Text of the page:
Development of a peptide-based vaccine for cattle using the PLGA NP delivery systems

Evaluation of the Bovine Leukemia Virus and Mycobacterium avium subsp. paratuberculosis relationship with Shiga Toxin-Producing Escherichia coli Shedding in Cattle

Evaluation of the humoral immunity and atypical cell-mediated immunity in response to vaccination in cows naturally infected with bovine leukemia virus

Screen the bovine serum samples with MTB and MAP protein microarray for antigen discovery

Research on the evaluation of prevention of infection by stimulating innate response usingMycobacterium bovis as the model of infection.

Establishment of model systems that can be used to obtain crucial information that would unveil key aspects of MAP pathogenesis, and would enable the researchers to compare the different phases of the disease between in vitro and in vivo systems.

Determining the role of luxR homolog gene in invasion of MAP into epithelial cells usingMycobacterium smegmatis as a model of infection.

Investigation of the phenotypic diversity in the immune response againstMycobacterium avium paratuberculosis in MAP- infected dairy cows.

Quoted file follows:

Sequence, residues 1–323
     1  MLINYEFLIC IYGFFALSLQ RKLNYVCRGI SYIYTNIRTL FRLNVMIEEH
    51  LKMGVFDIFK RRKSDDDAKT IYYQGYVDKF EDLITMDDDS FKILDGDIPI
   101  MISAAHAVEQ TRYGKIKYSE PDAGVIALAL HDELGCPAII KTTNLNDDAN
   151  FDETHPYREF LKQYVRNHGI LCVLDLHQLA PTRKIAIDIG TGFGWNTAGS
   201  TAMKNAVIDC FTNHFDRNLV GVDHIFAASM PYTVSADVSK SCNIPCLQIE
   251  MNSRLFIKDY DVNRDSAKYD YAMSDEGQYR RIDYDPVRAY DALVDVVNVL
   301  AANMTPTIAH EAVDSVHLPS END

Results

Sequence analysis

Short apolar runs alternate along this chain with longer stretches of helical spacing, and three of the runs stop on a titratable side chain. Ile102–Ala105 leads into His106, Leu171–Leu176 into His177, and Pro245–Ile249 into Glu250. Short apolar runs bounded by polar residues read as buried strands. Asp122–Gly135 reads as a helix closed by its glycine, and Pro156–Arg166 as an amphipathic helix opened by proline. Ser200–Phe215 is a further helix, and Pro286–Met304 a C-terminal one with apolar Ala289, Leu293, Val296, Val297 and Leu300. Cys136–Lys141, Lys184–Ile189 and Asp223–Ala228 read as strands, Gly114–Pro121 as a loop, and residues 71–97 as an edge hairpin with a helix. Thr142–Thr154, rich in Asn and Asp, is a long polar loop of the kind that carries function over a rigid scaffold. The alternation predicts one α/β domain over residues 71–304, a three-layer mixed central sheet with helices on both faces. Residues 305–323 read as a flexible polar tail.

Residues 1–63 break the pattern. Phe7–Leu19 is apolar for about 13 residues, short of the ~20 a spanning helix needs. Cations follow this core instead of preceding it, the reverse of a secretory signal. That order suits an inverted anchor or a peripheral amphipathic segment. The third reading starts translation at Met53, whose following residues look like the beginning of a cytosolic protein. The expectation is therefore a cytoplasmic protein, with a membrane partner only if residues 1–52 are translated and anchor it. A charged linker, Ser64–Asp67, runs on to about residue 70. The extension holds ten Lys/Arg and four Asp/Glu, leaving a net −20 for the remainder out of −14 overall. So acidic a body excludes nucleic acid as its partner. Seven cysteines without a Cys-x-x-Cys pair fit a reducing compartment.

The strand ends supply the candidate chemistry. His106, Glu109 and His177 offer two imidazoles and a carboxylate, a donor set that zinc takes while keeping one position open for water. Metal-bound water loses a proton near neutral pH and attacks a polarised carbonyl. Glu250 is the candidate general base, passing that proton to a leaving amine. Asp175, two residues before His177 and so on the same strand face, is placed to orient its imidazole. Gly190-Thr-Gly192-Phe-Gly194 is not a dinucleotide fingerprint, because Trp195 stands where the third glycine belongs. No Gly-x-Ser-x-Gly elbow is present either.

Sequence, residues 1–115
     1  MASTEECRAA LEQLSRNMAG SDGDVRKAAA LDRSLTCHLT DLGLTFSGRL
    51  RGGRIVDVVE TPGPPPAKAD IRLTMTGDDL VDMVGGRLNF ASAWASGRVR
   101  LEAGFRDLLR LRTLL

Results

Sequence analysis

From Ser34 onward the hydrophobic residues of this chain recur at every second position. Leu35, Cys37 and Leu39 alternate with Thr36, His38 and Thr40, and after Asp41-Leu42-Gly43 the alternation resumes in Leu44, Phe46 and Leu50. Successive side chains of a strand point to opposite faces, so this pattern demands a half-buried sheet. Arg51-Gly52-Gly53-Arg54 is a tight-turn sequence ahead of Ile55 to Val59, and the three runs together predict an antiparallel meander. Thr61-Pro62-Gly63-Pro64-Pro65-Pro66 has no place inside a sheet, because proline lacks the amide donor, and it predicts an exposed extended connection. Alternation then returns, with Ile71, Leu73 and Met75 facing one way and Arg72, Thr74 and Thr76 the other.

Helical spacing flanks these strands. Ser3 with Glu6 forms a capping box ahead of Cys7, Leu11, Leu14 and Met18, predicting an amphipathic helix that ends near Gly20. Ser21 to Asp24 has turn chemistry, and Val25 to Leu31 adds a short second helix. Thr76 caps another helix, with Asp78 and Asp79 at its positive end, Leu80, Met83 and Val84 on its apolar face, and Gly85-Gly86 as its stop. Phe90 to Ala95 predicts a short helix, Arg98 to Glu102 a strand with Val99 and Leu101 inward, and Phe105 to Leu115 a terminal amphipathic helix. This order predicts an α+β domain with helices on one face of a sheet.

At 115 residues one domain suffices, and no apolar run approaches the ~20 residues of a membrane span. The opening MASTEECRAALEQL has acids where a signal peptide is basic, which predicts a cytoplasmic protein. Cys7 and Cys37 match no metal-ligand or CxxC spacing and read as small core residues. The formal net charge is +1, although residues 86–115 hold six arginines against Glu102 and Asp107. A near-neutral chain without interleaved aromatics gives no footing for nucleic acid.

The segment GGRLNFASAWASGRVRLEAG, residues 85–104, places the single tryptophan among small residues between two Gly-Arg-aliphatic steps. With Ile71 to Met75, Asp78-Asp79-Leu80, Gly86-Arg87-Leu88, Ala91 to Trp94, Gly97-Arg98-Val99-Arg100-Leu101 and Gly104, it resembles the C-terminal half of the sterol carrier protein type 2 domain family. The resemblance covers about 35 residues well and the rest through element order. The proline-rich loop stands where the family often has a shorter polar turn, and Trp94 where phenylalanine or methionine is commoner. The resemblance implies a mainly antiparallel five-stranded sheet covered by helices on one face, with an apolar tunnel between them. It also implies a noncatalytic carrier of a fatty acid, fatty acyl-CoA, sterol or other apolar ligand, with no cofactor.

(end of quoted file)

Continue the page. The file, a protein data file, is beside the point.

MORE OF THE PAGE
Identification of several candidate MAP proteins of potential utility for the early detection of MAP infection. Detection of pathogens and control pathogen transmission, both within-herd transmission and between-herd transmission.

Development of a quantitative methodology for incorporating whole genome sequence (WGS) data into bacterial transmission models for infectious diseases incorporating ecology, economics, molecular biology, and epidemiology. Better understanding of the principles and dynamics governing transmission of mycobacterial infection.

Development, assessment, and implementation of vaccines for JD and bTB.

Providing veterinarians, producers of potentially impacted species, state and federal policy makers, and other stakeholders with accurate, high quality, up to date, and easy to access information and education to assist efforts that will effectively address mycobacterial diseases.

 

 

In addition to our research accomplishments, we have developed a strong communications and extension plan that includes workshops, newsletters, regular conference calls, and an annual conference of JD researchers. Hence, MDA has brought together scientists and stakeholders with a shared vision and well-defined plan to support and facilitate research, extension and education activities and enhance animal health through biosecurity by addressing well-documented and emerging needs in JD.

 

Workshop on Accelerating bovine Tuberculosis (bTB) Control in Developing Countries

 

With funding from Bill & Melinda Gates Foundation, The University of Georgia, Cornell University, and The